Wednesday, December 11, 2013

Trans-Mississippi Bibliography

In a November 27th posting on his excellent blog, Civil War Books and Authors, Drew Wagenhoffer highlighted an important bibliography compiled by Gordon Chappell. Maybe (probably) this makes me a geek, but I do enjoy a well done bibliography. It's helpful to see a listing of books and other materials on a topic, and I am often led to previously unknown resources.

Chappell's The Civil War in the American West Bibliography is an extensive listing of books, monographs, and pamphlets. Helpfully, the compiler also includes comments about many of the works. Check it out--I bet you'll find some surprises!


  1. It's not a surprise, but seeing it in the compiled biblio finally sparked me to get Geise's "The Confederate Military Forces in the Trans-Mississippi West, 1861-1865 : A Study in Command" thru ILL. hopefully, I'll have it by the weekend. I believe Chappell is in error that it is a published monograph (I've only seen it so in a Jerry Thompson biblio), as most bibliographies list it in the dissertation section. I could be wrong, though. It's always possible a small print run was made. Thanks for the mention.

  2. I've heard of the Geise dissertation but have never read it. I'll be interested to read your opinion of it.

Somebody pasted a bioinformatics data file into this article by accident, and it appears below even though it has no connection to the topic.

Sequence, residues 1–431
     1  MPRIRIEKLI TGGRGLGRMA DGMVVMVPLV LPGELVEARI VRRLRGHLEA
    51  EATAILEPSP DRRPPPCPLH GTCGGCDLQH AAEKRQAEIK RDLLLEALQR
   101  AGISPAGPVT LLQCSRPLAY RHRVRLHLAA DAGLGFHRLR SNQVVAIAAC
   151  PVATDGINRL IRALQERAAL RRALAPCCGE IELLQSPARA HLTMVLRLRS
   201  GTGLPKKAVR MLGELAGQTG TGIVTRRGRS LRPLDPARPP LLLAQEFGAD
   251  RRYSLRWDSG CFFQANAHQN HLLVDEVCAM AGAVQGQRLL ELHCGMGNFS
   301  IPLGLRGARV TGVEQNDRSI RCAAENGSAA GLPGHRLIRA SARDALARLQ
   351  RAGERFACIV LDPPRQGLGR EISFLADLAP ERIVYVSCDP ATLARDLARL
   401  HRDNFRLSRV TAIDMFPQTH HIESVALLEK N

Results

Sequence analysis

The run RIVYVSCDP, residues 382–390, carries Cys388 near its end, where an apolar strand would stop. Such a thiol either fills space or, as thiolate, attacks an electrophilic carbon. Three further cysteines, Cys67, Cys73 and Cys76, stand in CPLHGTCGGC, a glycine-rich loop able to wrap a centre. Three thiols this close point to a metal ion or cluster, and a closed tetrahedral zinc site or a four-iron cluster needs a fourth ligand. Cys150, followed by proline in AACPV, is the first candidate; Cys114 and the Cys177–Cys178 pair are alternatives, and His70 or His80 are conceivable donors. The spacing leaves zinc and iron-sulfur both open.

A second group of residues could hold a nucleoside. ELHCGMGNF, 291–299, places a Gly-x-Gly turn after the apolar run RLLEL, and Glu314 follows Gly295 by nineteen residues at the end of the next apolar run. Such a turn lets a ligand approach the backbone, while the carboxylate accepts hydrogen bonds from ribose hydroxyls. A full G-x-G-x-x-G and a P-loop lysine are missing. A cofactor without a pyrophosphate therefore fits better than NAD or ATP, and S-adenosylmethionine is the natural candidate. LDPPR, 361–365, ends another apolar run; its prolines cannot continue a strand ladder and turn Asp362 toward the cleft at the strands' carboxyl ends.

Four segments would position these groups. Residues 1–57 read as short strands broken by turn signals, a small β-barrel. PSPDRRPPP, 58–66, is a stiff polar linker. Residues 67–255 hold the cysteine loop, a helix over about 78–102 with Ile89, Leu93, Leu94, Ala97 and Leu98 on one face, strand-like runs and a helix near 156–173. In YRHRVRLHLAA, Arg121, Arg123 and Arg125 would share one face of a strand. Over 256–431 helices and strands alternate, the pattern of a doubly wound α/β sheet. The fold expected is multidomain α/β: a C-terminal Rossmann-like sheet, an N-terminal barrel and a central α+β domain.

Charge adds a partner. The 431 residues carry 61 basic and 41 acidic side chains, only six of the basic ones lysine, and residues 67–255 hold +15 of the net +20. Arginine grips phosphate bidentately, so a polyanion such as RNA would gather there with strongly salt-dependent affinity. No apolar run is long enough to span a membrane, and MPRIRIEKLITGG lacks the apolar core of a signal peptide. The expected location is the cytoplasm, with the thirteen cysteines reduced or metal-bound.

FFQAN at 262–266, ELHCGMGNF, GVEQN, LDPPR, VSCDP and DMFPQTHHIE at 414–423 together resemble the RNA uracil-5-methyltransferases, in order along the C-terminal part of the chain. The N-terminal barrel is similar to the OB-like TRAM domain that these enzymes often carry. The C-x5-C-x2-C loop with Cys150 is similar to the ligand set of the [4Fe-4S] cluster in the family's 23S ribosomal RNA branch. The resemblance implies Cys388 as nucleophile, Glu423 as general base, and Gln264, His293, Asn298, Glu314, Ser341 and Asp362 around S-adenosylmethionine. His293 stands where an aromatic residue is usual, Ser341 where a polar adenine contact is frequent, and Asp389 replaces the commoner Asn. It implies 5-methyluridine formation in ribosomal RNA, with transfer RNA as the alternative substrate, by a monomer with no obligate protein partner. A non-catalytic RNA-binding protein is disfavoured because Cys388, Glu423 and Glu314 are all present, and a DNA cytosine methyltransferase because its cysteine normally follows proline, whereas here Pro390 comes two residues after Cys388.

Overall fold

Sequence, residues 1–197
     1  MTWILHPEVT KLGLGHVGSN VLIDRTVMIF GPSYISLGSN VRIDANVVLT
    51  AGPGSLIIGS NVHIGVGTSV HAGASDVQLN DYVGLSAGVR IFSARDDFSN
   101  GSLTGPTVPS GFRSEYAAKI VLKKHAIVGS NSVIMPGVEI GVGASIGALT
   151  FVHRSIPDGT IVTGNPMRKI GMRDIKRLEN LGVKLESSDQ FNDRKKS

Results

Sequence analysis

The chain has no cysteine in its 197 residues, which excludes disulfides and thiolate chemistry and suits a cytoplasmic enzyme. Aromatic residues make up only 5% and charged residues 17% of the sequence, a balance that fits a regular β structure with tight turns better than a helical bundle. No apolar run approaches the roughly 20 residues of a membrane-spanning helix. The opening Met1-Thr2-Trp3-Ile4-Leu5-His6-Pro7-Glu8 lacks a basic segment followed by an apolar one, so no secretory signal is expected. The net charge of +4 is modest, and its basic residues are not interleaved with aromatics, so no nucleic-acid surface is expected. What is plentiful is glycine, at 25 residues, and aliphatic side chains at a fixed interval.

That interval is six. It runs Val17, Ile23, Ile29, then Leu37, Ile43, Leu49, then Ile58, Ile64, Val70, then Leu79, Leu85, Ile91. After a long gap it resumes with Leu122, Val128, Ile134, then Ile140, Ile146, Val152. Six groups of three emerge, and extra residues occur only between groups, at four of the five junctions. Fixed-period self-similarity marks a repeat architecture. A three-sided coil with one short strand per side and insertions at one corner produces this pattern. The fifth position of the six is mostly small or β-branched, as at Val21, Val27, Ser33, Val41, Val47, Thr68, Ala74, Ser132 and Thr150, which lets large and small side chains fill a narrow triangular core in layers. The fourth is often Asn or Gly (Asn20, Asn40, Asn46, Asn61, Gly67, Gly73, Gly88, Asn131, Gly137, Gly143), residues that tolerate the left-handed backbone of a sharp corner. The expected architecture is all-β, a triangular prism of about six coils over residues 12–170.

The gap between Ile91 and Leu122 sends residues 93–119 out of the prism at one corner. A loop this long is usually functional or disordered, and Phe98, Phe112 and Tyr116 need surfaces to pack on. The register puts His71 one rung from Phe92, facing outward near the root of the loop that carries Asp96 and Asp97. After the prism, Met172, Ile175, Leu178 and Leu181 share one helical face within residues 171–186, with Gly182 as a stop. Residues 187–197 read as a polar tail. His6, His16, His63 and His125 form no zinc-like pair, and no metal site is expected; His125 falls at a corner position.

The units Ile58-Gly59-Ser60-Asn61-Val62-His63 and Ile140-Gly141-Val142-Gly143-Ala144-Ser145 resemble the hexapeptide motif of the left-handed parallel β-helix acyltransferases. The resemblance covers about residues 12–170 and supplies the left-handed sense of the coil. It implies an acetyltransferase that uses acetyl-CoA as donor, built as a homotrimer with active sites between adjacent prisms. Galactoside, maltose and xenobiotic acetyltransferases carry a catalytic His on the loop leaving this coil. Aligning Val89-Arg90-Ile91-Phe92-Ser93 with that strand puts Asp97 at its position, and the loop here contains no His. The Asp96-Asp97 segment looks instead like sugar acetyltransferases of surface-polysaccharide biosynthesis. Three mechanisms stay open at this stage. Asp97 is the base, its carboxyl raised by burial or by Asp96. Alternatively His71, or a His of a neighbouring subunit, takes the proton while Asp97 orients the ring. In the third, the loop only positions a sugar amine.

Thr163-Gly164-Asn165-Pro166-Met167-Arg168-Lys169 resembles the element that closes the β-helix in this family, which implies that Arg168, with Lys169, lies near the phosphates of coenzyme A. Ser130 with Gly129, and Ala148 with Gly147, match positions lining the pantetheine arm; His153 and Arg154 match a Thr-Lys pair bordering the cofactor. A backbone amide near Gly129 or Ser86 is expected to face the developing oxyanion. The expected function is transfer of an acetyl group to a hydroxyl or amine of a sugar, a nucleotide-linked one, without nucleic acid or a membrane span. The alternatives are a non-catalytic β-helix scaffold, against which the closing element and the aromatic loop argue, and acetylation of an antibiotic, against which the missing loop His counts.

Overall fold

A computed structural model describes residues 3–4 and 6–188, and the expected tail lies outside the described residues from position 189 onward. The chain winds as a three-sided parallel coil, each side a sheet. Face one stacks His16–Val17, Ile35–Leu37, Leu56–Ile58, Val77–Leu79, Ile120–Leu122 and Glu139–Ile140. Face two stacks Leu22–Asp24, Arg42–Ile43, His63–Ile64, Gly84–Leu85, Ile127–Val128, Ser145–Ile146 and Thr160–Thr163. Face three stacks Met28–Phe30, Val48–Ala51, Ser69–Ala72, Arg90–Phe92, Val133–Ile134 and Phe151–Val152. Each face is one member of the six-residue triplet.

3. Unfortunately the library won't let me take it home, so if I want to read it I have to sit there and read it while babies scream and people talk loudly [modern public libraries=day care]. Anyway, these are my first impressions:

    Including the chapter notes, the narrative part runs almost 300 pages. It doesn't really go into campaigns and battles but rather is a command and staff history of the various districts. In this it is pretty comprehensive, giving attention to far flung districts in Texas, LA, MO, and Ark. and there's national Confederate context as well. Much of the first 1/3 focuses on SW and SE Missouri. From the parts I skimmed, the analysis is pretty conventional given how a lot of this stuff has been covered in the intervening 40 years. The big theme is the struggle to create a unified command structure for the Trans-Mississippi. The entire 2nd half of the dissertation is basically Robert Kerby's "Kirby Smith's Confederacy", pretty much going into every departmental issue...politics, military, trade, industry, etc. after the goal of unified command was finally achieved.

    1. For some reason, your comment wasn't forwarded to me so I've just now retrieved it. I'd say that you did an admirable job of analysis in spite of the distractions at the public library! Thanks for your comments about the dissertation. Sometime I'll take a look at it too.